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Conn. Municipalities Oppose Storm Water Regulation Draft

About a third of Connecticut’s cities and towns are rejecting proposed state regulations for dealing with storm water runoff.

Leaders of the municipalities are denouncing the draft regulations.

The Connecticut Conference of Municipalities represents most of Connecticut’s towns and cities. It says the new draft regulations by the state Department of Energy and Environmental Protection dictate the frequency of street sweeping and the cleaning of storm water drainage systems that run into municipal sewers. And this imposes costs that towns and cities simply cannot afford.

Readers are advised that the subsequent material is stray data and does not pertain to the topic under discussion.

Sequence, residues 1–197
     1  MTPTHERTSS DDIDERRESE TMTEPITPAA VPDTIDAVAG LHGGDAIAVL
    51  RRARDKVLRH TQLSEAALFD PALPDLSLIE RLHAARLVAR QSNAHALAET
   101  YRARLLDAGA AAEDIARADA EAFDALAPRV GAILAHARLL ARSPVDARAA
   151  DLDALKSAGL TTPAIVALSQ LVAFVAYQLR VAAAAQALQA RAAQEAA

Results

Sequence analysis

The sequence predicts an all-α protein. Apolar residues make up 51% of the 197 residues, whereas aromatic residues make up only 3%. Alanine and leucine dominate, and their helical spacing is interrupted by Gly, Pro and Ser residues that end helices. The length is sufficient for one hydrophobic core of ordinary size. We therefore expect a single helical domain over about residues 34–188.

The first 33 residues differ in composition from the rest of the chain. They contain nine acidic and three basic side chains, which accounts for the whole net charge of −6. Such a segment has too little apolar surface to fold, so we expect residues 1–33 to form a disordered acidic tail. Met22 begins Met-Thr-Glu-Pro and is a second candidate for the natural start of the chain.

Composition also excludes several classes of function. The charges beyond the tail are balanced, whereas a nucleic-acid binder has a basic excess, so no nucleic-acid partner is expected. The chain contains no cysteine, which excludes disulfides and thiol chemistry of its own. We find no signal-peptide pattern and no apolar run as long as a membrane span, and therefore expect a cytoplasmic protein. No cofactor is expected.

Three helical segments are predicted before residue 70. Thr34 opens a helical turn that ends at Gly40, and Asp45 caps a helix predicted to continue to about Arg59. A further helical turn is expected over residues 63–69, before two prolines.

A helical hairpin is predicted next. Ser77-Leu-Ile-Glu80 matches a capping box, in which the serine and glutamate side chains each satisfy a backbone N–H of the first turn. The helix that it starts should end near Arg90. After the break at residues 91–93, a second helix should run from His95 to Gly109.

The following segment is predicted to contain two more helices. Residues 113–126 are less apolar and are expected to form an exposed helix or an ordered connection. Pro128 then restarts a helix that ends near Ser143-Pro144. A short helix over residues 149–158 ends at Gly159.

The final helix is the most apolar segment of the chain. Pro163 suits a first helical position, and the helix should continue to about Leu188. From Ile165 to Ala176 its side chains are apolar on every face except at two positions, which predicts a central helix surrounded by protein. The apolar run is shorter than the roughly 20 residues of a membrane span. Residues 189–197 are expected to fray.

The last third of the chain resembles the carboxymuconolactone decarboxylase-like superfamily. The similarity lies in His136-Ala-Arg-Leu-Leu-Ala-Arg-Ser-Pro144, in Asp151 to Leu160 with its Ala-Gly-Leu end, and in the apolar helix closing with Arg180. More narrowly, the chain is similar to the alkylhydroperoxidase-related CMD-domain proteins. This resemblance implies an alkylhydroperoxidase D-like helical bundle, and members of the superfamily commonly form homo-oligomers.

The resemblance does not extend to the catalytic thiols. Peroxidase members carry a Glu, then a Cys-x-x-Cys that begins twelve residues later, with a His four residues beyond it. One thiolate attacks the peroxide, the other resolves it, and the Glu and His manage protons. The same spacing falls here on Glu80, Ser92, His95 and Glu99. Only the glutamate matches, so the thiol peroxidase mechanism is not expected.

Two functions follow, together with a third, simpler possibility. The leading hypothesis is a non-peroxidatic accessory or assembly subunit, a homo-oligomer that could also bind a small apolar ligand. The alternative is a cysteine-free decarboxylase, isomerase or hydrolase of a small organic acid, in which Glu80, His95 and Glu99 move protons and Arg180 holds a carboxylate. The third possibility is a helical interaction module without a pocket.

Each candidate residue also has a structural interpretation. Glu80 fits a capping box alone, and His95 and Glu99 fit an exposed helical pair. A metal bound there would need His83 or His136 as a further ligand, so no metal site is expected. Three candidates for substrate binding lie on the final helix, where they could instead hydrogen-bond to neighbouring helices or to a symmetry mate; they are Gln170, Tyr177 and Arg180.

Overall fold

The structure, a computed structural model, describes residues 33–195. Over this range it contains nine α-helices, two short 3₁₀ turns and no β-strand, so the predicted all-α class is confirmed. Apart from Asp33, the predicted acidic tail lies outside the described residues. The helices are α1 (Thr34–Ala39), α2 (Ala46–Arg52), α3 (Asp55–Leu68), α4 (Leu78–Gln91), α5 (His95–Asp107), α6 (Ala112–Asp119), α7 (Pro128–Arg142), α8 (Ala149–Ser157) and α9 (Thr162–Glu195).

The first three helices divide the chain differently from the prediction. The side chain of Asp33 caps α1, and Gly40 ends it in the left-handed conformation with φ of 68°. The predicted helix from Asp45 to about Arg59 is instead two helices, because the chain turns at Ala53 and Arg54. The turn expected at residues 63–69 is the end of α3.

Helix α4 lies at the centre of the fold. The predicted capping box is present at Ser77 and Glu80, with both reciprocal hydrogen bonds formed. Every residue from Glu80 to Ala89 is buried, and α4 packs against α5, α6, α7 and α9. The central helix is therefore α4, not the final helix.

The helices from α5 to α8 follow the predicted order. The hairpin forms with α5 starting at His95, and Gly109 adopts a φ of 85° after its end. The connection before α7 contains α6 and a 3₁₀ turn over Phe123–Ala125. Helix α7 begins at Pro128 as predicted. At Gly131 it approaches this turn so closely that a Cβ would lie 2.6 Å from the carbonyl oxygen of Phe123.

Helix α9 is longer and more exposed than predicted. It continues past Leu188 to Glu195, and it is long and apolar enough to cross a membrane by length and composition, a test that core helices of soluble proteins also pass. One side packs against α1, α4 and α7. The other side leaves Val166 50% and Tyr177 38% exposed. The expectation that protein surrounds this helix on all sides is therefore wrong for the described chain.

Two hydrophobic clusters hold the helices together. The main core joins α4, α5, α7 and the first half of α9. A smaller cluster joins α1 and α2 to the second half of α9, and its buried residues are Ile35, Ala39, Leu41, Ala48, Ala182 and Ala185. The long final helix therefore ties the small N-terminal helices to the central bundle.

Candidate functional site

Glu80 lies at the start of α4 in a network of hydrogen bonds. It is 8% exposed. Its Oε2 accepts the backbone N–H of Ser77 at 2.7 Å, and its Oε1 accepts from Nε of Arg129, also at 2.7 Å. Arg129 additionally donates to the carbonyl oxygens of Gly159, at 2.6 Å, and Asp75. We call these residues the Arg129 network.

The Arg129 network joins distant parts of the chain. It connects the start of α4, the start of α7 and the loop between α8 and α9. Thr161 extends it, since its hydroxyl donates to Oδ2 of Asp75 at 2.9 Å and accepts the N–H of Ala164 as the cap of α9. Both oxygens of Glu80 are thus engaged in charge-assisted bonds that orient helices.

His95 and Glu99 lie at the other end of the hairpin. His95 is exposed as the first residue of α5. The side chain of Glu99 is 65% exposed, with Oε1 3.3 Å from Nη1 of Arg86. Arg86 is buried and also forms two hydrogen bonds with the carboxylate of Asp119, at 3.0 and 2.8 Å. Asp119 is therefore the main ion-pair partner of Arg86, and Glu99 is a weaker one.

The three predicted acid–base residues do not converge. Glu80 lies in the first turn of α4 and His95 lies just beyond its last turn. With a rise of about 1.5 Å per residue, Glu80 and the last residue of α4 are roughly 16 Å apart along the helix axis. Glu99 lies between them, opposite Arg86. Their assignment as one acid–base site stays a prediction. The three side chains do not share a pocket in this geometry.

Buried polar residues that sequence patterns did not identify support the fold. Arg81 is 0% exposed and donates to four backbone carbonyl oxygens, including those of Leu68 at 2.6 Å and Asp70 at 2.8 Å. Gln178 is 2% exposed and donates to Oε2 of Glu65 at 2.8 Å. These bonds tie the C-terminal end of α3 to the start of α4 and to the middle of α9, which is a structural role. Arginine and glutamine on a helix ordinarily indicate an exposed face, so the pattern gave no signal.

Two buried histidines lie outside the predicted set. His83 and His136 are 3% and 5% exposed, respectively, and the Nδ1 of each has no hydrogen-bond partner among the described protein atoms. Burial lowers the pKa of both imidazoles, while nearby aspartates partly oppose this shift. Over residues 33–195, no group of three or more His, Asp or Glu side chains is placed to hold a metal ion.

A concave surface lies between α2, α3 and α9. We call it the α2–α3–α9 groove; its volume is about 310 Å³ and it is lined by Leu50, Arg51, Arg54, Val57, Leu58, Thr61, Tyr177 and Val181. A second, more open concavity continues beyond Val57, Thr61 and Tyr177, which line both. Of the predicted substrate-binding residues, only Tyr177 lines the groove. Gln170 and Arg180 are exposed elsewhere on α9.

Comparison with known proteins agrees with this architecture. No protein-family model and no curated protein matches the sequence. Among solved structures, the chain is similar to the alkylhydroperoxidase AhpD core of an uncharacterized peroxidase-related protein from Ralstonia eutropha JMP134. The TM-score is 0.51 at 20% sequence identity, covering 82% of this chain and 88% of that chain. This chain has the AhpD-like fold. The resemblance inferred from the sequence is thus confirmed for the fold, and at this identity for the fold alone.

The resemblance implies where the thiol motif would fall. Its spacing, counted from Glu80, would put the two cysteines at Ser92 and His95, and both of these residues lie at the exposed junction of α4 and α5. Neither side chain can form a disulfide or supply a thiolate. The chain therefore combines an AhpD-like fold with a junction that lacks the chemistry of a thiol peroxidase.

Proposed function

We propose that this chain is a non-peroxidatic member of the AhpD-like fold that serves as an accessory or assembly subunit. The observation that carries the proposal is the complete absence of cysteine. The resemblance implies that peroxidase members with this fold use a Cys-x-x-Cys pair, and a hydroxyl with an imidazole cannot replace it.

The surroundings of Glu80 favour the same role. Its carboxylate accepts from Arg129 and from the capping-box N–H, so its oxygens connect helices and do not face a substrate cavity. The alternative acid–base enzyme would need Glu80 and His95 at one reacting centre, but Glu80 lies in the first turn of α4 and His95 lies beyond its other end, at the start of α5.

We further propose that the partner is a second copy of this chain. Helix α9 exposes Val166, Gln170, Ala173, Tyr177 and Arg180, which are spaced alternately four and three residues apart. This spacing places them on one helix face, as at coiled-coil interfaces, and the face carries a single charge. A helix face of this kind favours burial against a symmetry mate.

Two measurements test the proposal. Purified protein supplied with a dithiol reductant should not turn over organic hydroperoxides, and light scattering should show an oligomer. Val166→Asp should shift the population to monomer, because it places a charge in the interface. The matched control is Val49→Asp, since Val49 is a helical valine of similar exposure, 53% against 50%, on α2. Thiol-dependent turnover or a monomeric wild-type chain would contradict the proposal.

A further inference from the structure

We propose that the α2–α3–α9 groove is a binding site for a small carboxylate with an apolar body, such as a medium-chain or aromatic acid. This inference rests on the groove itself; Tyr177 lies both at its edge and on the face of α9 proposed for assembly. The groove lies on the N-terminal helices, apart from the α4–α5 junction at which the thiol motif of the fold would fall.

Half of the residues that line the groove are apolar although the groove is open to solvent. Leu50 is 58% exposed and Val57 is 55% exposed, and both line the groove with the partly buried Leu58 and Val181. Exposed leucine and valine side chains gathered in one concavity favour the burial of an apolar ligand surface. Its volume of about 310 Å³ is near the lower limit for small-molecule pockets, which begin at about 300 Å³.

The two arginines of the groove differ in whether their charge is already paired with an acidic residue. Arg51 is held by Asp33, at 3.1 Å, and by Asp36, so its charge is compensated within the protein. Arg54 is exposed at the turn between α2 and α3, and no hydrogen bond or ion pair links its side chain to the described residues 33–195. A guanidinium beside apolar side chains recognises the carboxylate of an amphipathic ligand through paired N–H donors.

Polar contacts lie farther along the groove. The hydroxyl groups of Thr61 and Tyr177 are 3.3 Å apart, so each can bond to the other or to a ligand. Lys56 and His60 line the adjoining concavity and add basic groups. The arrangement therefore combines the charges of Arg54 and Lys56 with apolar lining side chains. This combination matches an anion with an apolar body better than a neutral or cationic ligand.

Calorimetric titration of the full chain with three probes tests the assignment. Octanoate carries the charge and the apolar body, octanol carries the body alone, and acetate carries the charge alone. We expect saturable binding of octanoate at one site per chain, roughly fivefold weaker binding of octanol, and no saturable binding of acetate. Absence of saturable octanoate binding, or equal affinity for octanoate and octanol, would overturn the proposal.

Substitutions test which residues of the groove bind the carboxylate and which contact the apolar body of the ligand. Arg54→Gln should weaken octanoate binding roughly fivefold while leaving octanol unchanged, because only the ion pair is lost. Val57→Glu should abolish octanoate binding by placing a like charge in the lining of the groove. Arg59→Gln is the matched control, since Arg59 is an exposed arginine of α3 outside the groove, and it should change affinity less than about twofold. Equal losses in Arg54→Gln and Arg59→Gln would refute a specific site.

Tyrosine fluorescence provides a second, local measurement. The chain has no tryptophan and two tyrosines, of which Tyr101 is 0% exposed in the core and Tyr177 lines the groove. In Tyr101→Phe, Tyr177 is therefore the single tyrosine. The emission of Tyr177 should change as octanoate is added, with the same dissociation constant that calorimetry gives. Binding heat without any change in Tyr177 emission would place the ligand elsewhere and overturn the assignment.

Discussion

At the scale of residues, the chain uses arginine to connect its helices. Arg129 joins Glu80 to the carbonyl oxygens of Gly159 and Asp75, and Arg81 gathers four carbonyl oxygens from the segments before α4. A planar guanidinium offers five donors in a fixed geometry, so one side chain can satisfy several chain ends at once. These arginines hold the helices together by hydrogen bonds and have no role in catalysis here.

The draft regulations go beyond federal Environmental Protection Agency recommendations and state law, CCM claims. DEEP says it's willing to negotiate on the draft regulations.

“We are looking for ways to work with cities and towns to put better standards in place so we can meet our environmental concerns but at the same time address some of the issues they’ve raise over the fiscal impact of what we’ve proposed,” said DEEP spokesman, Dennis Schain.

Stricter regulation is needed because storm water runoff is a major source of pollution in Connecticut, he said. Several bodies of water in the state are considered impaired under the federal Clean Water Act, according to Schain.

As WSHU Public Radio’s award-winning senior political reporter, Ebong Udoma draws on his extensive tenure to delve deep into state politics during a major election year.